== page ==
How Not to Pour Oil on Troubled Waters
The Deepwater Horizon oil spill has been in the news for well over a month now. It is at once a symbol of the fallibility of humankind and the fragility of Mother Nature.
However, as Vijaya Ramachandran and Julia Barmeier of the Center for Global Development point out, in the developing world, such environmental catastrophes are more common and severe—but less newsworthy—than the Gulf of Mexico tragedy. Because developing countries are subject to loose, if any, “regulation” amidst a culture of corruption, oil spills are hardly considered breaking news.
For example, in Nigeria, an estimated 650,000 gallons of oil are spilled in 300 separate incidents every year, according to the Nigerian National Petroleum Corporation. (To be fair, most of Nigeria’s spills are a result of sabotage by small-scale oil thieves.)
In response, Laura Freschi at Aid Watch cited a recent New York Times op-ed by New America foundation scholar Lisa Margonelli. She noted that although the current moratorium on offshore drilling seems to be the rational policy choice, it would pose a moral problem.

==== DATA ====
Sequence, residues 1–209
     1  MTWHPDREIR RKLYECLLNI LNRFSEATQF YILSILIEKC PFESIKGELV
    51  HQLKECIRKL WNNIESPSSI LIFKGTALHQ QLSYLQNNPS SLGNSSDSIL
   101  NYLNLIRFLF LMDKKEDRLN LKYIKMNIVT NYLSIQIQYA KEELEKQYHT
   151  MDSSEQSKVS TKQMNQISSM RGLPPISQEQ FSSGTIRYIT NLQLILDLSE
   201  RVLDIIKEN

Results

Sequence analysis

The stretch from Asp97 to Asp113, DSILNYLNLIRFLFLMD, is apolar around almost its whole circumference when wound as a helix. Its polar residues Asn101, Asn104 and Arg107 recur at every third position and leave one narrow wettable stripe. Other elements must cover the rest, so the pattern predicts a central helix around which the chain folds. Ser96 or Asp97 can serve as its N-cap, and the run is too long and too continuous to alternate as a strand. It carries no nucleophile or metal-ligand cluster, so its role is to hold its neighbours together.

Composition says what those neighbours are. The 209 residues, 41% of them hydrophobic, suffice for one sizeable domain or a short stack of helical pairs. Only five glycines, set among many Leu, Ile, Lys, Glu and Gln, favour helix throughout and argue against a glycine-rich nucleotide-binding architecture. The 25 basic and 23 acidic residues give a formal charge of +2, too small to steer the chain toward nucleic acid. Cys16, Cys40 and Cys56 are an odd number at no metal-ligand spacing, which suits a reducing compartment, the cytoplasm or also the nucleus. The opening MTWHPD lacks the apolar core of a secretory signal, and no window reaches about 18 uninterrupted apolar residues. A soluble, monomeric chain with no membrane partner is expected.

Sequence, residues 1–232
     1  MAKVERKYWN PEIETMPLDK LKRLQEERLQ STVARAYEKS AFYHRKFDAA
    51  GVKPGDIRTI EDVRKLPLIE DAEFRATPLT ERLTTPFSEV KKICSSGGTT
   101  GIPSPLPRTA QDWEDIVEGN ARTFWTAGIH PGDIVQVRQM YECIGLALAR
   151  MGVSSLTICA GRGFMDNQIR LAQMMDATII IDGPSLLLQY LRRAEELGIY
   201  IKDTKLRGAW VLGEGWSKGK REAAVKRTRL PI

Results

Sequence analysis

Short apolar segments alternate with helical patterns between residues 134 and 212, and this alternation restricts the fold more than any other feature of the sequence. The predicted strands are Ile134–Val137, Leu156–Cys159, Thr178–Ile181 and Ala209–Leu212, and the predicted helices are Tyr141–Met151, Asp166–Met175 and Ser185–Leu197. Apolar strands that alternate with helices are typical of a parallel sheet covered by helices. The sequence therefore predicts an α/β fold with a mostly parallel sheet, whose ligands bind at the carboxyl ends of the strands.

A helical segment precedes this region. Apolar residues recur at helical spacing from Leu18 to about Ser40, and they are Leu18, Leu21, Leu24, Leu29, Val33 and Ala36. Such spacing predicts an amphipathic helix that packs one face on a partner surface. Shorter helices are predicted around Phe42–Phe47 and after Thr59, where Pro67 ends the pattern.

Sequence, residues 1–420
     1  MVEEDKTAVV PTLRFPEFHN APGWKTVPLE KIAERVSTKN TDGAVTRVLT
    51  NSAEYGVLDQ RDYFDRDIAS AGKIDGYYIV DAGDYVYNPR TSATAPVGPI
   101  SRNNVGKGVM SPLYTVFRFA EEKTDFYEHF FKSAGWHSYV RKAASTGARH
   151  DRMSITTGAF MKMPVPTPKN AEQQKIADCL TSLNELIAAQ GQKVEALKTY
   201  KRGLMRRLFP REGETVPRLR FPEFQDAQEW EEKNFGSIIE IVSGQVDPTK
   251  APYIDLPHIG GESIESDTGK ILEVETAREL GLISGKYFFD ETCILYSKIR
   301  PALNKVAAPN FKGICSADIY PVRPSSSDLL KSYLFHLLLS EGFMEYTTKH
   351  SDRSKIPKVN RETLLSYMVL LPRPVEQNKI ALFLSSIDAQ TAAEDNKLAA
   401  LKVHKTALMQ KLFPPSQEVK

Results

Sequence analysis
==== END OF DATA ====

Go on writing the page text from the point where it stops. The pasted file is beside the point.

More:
With consumer demand for petroleum undiminished, Big Oil will just turn to other countries such as Kazakhstan—which did not even have comprehensive environmental laws until 2007—, Angola and Nigeria, where off-shore drilling is permitted. However, these countries lack America’s strong environmental safeguards, as well as the resources to enforce them. Margonelli contends that we are effectively importing oil and exporting spills.
Who knew free trade would enable us to export environmental catastrophes?